“We had to verify the amount of fuel we had because it was quite limited and we couldn't just get more. We couldn't find any in the village but we only had enough for around 150 km. We had 340 km to travel,” Ceschia recalled.

With what little fuel they had, the family set off. They drove in a convoy of two cars, as the sound of Kalashnikovs and machine guns echoed around them.

After a tense journey, the family arrived in the city of Vinnytsia, in west-central Ukraine, where Ceschia found a relatively safe place for his girlfriend’s family. Much of his girlfriend’s family didn't initially leave, due to their many pets and the fear of abandoning their homes.

Fortunately, the rest of the family would later find safe passage into Poland on 8 March. His girlfriend’s step-father would later return to the Kyiv area, helping the war effort near their now-occupied village.

To the border 

Translation: We are on the road and have done the first 25 minutes. I would say they were the most critical because I was very afraid there would be fighting, for the moment we have not encountered anything. We hope this continues until we reach our destination.

From Vinnytsia, Ceschia had an easier escape than many. Setting off at 07:30 after spending several days staying with friends, they reached the Mohyliv-Podilskyi border crossing with neighbouring Moldova.

“We were waiting in line close to the border for about half an hour. They checked our documents in about 30 minutes, we waited another 30-40 minutes maximum in Moldova. It was extremely fast and over within an hour and a half."

Ceschia is now considering what to do next. He has left his home, belongings, and family behind. His girlfriend, a Ukrainian national, must also think about her future outside of Ukraine.

“The bureaucracy surrounding refugee status is still quite confusing. We have three months without a visa. We will try and find a better option,” he said.

“Our aim is to get to Brussels because I have a place we can stay. I honestly think we should think about what that means… It’s not going to be a two-week stay. More likely it will be some months before we know whether it’s safe to go back,” Ceschia said.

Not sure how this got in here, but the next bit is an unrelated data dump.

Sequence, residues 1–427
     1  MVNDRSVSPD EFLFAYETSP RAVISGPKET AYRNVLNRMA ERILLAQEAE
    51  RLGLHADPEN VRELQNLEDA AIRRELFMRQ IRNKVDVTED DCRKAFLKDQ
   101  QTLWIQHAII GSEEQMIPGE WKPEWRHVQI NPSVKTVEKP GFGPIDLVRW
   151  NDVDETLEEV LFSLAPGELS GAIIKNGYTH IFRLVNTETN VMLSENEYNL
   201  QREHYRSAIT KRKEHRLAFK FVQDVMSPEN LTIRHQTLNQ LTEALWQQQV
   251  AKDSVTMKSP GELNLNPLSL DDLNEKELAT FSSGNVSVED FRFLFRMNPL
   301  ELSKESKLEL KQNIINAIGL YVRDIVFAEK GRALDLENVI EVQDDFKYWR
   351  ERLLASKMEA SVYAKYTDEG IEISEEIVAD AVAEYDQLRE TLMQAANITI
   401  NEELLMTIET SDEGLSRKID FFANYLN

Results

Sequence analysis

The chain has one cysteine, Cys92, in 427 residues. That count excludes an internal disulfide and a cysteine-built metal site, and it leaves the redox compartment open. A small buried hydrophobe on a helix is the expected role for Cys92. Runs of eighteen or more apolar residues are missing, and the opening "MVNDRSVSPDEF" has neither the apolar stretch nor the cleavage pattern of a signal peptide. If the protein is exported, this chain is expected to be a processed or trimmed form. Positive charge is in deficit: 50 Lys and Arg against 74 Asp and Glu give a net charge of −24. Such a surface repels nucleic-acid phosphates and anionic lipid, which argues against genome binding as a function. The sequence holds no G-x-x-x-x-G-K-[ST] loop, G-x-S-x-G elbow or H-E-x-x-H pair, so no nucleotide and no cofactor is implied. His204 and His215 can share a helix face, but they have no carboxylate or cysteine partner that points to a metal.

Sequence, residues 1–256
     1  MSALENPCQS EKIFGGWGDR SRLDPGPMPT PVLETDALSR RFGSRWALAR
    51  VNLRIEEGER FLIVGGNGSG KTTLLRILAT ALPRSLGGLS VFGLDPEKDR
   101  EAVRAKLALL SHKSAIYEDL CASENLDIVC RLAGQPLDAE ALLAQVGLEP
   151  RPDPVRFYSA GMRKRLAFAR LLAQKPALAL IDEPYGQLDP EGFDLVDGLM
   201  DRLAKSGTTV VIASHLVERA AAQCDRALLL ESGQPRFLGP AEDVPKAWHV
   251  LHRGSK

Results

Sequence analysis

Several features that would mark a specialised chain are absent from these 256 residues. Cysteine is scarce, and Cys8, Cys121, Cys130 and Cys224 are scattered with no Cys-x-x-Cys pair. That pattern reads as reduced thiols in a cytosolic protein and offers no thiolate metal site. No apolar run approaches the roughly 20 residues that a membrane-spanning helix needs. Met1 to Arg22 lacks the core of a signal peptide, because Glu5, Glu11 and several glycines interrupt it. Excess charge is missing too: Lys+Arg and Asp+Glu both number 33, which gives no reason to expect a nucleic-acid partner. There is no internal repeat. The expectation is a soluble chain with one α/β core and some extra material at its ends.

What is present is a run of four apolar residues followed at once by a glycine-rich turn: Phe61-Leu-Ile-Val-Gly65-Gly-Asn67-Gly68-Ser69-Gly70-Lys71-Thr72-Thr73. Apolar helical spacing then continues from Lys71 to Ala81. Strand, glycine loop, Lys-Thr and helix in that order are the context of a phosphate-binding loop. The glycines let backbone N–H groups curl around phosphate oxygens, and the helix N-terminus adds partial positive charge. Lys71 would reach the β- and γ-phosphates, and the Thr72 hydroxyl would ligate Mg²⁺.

Longing for home

Ceschia and his girlfriend and family are safe but at a great cost. He fears having lost almost 15 years of his life as his home was violently engulfed in war. "It’s a feeling of sadness, of anger, of sorrow in so many ways. You’re being stripped of part of your life."

"The most atrocious moment, that will stick with me forever, is when my girlfriend had to say goodbye to her mother and grandmother… Seeing in all their eyes the question whether this would be the last time they see each other."

He now wants his story to be heard, not just in Europe, but across the border in Russia as well. He lamented the state censorship that prevents the Russian public from knowing what is really happening.

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"These people are living in a completely different reality. They think that Russia is in Ukraine to free them from  Neo-Nazis, that they’re going to safeguard Chernobyl from bad Ukrainians who are going to destroy it."

While Ceschia was able to escape, others have not been so fortunate. Russian bombing campaigns, launched in the name of so-called "de-Nazification", have cost the lives of thousands of civilians.

On 8 March, 170 civilians, including five children, were killed in the city of Kharkiv in one day.

These statistics go largely unheard by the Russian public, as strict media censorship laws have silenced independent media outlets and threatened those who report on the conflict with fines and imprisonment.

“Russians need to wake up from this crazy dream because it’s nonsense. It’s difficult to make them understand this, it’s crazy the power of propaganda we’re seeing at the movement.”